• The Beatles: Get Back

    The Beatles: Get Back

    ★★★★½

    The doc is a reminder of the smoky haze that lingered everywhere you went in London until the late 80s – everyone used to smoke a lot of bloody fags. Although, The Beatles and their crew did at least rest them down in some pretty inventive places. This is probably an hour or two too long (somewhere between the 2nd and 3rd episode could do with trimming) but at the same time it’s a nice hang out doc that works…

  • Memoria

    Memoria

    ★★★★★

    Nobody does that still frame, slow pan, ethereal, ghostly, magical, transcendent, spiritual, other dimensional shit quite like Weerasethakul. I’m not sure I’ve ever seen a director that can translate the natural mystics onto film in quite the same way. The quietness of his films raise the noise of the past, present and future that linger around us. I absolutely get why this has to be seen on a big screen in the first instance. These past 12 months I’ve seen…

  • A Hero

    A Hero

    ★★★

    Real ‘guy in his late 40s makes film about the perils of social media’ vibes about this one. Farhadi isn’t that much older than myself, although to be fair, he probably leads a far more intellectually stimulating life and doesn’t waste half his day scrolling through the brain feed of hundreds of randoms online. Plus, the dynamics of social media probably play out very differently in Iran. His last film was really clumsy and it’s the same problem here -…

  • The Velvet Underground

    The Velvet Underground

    ★★★½

    Zero mention of how jazz influenced and underpinned much of the avant-garde movement in the 60s - especially as Reed has spoken many times before about its influence on him. The likes of Coleman, Coltrane and Sun-ra were light years ahead in terms of challenging form, sound and structure. Without free jazz, white guitar music probably wouldn’t have taken the direction it did until much later. Still, it’s visually and narratively engaging and would like to see Haynes delve into some more docs.

  • Arsène Wenger: Invincible

    Arsène Wenger: Invincible

    ★★★★

    Looking back, the decline makes more sense. When you’ve reached the top of the mountain, and as Wenger says “Achieved my dream,” where is there left to go? It might have been Rooney’s dive that finally broke the spell the following season after 49 games unbeaten, but it could’ve of come at any time. Wenger sums it up as “Highbury: My soul. The Emirates: My suffering” and that capsulises the divide in his time at Arsenal. He stayed for too…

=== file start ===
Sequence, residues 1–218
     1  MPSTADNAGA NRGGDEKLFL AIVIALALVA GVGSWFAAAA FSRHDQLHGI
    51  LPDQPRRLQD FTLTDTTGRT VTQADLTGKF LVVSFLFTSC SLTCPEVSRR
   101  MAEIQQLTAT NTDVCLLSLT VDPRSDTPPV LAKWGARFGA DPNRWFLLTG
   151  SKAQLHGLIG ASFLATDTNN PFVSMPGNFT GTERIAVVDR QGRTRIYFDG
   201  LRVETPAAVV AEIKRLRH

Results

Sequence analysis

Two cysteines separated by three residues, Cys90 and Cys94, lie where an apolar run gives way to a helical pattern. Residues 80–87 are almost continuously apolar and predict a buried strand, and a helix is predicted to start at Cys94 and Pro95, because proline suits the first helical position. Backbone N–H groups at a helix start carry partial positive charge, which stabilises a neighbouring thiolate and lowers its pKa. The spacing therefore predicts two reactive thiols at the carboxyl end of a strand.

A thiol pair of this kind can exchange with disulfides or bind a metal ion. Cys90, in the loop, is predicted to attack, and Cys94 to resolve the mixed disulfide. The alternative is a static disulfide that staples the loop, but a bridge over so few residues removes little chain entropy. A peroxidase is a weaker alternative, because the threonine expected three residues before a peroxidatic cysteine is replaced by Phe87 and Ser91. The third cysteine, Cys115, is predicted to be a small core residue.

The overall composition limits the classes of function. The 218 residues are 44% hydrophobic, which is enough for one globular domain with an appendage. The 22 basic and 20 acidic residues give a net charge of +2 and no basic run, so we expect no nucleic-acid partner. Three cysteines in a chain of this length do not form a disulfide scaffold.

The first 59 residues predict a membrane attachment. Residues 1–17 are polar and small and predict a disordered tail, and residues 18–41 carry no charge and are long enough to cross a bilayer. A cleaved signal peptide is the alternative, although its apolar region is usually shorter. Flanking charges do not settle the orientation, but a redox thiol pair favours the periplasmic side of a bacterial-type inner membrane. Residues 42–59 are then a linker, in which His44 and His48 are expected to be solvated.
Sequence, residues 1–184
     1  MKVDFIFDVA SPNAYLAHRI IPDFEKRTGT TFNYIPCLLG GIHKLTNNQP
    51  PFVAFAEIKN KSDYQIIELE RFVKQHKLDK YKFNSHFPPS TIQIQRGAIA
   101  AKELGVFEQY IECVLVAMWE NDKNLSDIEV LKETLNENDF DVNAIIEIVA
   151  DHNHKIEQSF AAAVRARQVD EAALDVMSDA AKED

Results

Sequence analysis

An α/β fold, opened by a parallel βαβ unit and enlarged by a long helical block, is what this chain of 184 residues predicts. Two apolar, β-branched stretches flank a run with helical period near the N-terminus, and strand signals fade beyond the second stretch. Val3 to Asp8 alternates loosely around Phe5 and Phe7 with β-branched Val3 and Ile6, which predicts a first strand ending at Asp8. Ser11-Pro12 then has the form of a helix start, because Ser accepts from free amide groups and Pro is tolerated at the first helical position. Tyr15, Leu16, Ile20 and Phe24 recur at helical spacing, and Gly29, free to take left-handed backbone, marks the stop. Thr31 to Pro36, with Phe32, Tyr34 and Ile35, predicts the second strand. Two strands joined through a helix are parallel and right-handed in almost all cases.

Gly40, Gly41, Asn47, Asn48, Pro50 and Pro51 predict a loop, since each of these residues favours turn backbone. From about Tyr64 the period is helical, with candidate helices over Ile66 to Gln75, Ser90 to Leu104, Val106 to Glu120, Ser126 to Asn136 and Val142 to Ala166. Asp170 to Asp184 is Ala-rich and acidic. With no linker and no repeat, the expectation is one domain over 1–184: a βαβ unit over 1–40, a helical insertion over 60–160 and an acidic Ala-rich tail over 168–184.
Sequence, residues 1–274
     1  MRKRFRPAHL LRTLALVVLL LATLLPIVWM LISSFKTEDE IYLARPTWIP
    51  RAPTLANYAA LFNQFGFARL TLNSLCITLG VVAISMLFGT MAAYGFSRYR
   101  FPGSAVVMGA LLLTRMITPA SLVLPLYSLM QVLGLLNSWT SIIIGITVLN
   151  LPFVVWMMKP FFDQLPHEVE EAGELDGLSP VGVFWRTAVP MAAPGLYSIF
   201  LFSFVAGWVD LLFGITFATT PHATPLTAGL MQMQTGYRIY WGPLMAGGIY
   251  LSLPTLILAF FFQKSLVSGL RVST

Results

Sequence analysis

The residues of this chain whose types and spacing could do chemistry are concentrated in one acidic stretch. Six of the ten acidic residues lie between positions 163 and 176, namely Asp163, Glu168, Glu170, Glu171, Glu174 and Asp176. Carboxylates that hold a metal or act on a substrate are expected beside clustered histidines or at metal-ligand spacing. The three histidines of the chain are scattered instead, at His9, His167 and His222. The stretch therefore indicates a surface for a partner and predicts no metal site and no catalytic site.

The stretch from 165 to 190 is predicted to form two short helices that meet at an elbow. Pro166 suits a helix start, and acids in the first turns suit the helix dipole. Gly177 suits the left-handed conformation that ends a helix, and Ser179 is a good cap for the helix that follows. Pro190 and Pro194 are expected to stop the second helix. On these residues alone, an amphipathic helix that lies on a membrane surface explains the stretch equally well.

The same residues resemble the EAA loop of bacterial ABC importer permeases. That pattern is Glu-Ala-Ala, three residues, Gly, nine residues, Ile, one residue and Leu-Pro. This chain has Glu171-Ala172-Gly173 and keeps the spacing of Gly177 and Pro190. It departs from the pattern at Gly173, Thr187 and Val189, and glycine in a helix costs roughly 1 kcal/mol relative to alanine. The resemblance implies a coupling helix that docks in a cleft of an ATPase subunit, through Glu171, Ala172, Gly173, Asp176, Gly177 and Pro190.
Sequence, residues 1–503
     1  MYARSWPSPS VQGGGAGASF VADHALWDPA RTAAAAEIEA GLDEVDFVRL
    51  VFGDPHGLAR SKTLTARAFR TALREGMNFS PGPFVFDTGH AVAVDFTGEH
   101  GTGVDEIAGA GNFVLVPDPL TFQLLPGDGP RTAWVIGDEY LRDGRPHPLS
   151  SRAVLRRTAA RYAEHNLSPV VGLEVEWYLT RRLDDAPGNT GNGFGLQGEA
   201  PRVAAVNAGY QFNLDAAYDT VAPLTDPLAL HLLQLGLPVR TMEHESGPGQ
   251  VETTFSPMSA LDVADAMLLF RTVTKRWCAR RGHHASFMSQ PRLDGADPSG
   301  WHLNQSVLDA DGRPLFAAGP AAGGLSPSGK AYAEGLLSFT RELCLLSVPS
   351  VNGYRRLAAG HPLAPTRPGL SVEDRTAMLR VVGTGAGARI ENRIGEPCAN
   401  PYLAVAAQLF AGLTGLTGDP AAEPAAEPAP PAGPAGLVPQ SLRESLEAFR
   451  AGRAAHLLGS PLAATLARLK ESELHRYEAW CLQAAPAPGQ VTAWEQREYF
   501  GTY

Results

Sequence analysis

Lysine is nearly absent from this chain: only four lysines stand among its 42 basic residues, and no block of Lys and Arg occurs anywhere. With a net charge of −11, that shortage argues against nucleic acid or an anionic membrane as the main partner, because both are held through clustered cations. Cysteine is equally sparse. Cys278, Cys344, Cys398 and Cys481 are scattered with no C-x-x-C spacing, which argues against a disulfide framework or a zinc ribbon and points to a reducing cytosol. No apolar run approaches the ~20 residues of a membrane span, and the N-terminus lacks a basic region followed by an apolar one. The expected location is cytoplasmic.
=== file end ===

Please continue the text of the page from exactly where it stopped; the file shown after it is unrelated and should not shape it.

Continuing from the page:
• No Sudden Move

    No Sudden Move

    ★★★½

    Fun for the most part, but again, could easily lose 20 minutes. Del Toro and Cheadle are good fun. Lot of themes crammed into the final act that appear out of the blue and should’ve been introduced a lot earlier. Soderbergh seems to have developed a guilty conscience in recent years too, which is interesting.

  • The Card Counter

    The Card Counter

    ★★★½

    Schrader is really in his self flagellation phase huh? Nice accompaniment to First Reformed, but a touch too long. Isaac as good as ever, although Haddish is quite a bland dramatic actor and didn’t really work in the role. The whole USA/poker player metaphor is pretty on the nose too. But well directed and nicely paced in the main.

  • Lamb

    Lamb

    ★★★

    What in the stuart existential crisis little?

  • Finch

    Finch

    ★★★½

    It’s only been a couple of years since his last golden statue but Hanks is really going for it by teaming up with a cute little dog - and a parker-wearing robot that speaks like Borat (whoever thought of Caleb Landry Jones as the friendly family robot?). The set-up imagines what if there was a human also living in the same world as Wall-E. Like his western last year, it’s also a road trip, this time set in a post…

  • The Disciple

    The Disciple

    ★★★★

    While specially about a tanpura player and classical singer, the theme is very much about the struggle creatives everywhere experience in one form or another. The high aspirations, low self esteem, ridiculous purism, bitterness towards others succeeding with ‘less’ talent, stupid lifestyle choices and the many wasted years. All of this is amplified further for the main character Sharad under the tutelage of a local guru whose shadow always looms large. Added to by the fact that he is trying…

  • You Will Die at Twenty

    You Will Die at Twenty

    ★★★½

    A good debut from Amjad Abu Alala. For the most part the fable-style set-up does a good job of balancing a lot of narrative threads, although it’s bringing them all to a satisfying conclusion that escapes him in the end. There’s Muzamil’s dynamic with his mother, his absent father, how is mum is coping raising him alone, a burgeoning love story and an eye-opening relationship with a village outsider. It’s a lot, and the focus on Muzamil’s plight suffers because…

  • Sicario: Day of the Soldado

    Sicario: Day of the Soldado

    Does a stellar job of maintaining a raft of racist stereotypes from start to finish. White government ‘good guys’ go around abusing and killing Black and brown people (so called ‘terrorists’) to make the world a better place, so the US can spread its violence around the world instead. I wonder if Emily Blunt saw the script for this and ran a mile.